Measures

Physical frailty

FRAIL-NH uses MDS 3.0 items with comparable performance as other well-established metrics such as the Frailty Phenotype and the Frailty Index in assessing physical frailty in nursing home residents [4, 27,28,29,30,31,32,33]. Each item (Fatigue, Resistance, Ambulation, Incontinence, Loss of weight, Nutritional approach and Help with dressing) was individually scored [34] (Supplement Table S.1). To describe the prevalence of physical frailty, the individual item scores were summed (score range: 0–13) and categorized as robust (0–5), pre-frail [6, 7] and frail (≥8) [4]. In fitting LCA models to identify physical frailty subgroups, each item was used as an observed indicator.

Cognitive impairment

MDS 3.0 contains two validated instruments for cognitive impairment: Brief Interview for Mental Status (BIMS; score range: 0–15), administered when residents can self-report their cognitive status [35], and Cognitive Performance Scale (CPS; score range: 0–6), completed by staff when residents cannot participate in BIMS [36, 37]. BIMS and CPS highly correlate with the widely-used clinical tools for cognitive function, such as the Mini-Mental State Examination (MMSE) and the Modified Mini-Mental State Examination (3MS) [35,36,37,38]. Combining BIMS and CPS, cognitive impairment was measured in three levels in accordance with the Centers for Medicare & Medicaid Services Nursing Home Data Compendium [1]: none/mild (BIMS 13–15/CPS 0–2), moderate (BIMS 8–12/CPS 3–4), and severe (BIMS 0–7/CPS 5–6) cognitive impairment.

Demographic and clinical characteristics

We examined age, sex, race/ethnicity, urban/rural nursing home, admission source, active diagnoses, any presence of pain, and receipt of antipsychotics, antianxiety medications, and antidepressants in past 7 days or since admission. Admission sources included community, acute hospital, or other [including another nursing home/swing bed, psychiatric hospital, inpatient rehabilitation facility, intellectual disabilities and developmental disabilities (ID/DD) facility, long-term care hospitals, or hospice]. Active diagnoses were physician-documented diagnoses deemed relevant to residents’ current health status and care management, including cancer, heart failure, hypertension, diabetes mellitus, Alzheimer’s disease, cerebrovascular accident/transient ischemic attack (TIA)/stroke, non-Alzheimer’s/other dementia (including vascular or multi-infarct dementia, mixed dementia, frontotemporal dementia, Pick’s disease, and dementia related to stroke, Parkinson’s or Creutzfeldt-Jakob diseases), multiple sclerosis, Parkinson’s disease, seizure disorder/epilepsy, arthritis, osteoporosis, hip fracture, other fracture, asthma/chronic obstructive pulmonary disease (COPD)/chronic lung disease, anxiety disorder, and depression.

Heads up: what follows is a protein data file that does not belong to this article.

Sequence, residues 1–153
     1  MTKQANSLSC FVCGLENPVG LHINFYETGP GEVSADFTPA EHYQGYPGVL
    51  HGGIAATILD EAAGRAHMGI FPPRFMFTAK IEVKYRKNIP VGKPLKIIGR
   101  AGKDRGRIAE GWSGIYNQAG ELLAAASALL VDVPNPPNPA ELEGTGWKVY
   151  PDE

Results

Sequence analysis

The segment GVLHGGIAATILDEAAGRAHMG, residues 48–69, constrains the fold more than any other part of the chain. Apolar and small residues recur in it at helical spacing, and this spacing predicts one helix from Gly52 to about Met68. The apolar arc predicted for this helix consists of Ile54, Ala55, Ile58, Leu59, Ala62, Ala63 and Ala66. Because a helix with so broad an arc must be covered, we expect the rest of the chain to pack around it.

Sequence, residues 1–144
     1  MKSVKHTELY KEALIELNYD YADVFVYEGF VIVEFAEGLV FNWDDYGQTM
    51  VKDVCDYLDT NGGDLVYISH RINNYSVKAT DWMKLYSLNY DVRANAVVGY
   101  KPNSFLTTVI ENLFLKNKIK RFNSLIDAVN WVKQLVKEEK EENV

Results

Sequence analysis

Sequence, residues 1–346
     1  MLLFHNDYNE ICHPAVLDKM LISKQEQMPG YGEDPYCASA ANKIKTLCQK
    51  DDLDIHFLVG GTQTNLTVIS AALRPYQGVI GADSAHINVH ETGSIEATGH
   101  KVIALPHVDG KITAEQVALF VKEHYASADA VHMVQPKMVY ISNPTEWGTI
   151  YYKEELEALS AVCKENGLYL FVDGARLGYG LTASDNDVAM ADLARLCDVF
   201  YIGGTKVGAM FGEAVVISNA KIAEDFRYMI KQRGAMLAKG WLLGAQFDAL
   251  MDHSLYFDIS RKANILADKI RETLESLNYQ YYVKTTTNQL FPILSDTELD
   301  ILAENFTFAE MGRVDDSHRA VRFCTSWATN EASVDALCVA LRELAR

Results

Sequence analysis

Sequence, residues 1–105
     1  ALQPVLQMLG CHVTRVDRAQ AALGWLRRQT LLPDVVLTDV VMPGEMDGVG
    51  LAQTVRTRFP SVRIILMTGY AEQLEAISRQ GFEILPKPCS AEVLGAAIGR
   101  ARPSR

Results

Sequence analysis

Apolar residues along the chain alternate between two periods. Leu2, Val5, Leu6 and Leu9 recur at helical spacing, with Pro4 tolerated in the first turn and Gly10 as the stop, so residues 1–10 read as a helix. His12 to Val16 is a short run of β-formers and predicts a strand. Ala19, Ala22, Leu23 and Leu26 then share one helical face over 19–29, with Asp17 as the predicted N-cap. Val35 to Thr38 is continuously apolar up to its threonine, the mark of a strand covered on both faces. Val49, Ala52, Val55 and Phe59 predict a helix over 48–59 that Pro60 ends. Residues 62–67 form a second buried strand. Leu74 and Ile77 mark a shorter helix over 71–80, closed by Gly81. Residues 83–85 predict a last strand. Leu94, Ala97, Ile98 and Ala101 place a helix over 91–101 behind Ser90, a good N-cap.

Statistical analysis

Analyses were conducted in SAS 9.4 [39] and Mplus 8.4 [40].

Main analysis

We described the sample demographic and clinical characteristics at nursing home admission. We then showed the observed frequencies of each FRAIL-NH item for all residents and by cognitive impairment levels.

We used LCA to identify latent subgroups of physical frailty at admission using FRAIL-NH items as the observed indicators. LCA models with 2 to 6 subgroups were fitted and compared to determine the optimal number of physical frailty subgroups. For each model, we obtained (1) fit statistics: entropy, Akaike Information Criterion (AIC), Bayesian Information Criterion (BIC), and sample-size adjusted BIC; (2) subgroup prevalence: the proportion of residents with higher probabilities of belonging to the given subgroup; (3) item-response probability for each indicator by subgroup. After considering model fit, parsimony, and clinical relevance, the best-fitting model was selected, and the optimal number of physical frailty subgroups was identified. We assigned qualitative labels to describe each subgroup based on the overall patterns of the item-response probabilities [41].